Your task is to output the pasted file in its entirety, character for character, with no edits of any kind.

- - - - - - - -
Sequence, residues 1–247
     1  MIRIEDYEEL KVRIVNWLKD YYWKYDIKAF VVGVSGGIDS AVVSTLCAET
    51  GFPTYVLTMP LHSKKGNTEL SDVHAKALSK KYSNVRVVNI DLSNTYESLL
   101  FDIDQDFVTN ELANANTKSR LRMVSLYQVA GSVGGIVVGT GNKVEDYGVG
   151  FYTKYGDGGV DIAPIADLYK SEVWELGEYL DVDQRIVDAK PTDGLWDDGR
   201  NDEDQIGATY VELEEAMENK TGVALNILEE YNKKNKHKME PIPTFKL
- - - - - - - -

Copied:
Sequence, residues 1–247
     1  MIRIEDYEEL KVRIVNWLKD YYWKYDIKAF VVGVSGGIDS AVVSTLCAET
    51  GFPTYVLTMP LHSKKGNTEL SDVHAKALSK KYSNVRVVNI DLSNTYESLL
   101  FDIDQDFVTN ELANANTKSR LRMVSLYQVA GSVGGIVVGT GNKVEDYGVG
   151  FYTKYGDGGV DIAPIADLYK SEVWELGEYL DVDQRIVDAK PTDGLWDDGR
   201  NDEDQIGATY VELEEAMENK TGVALNILEE YNKKNKHKME PIPTFKL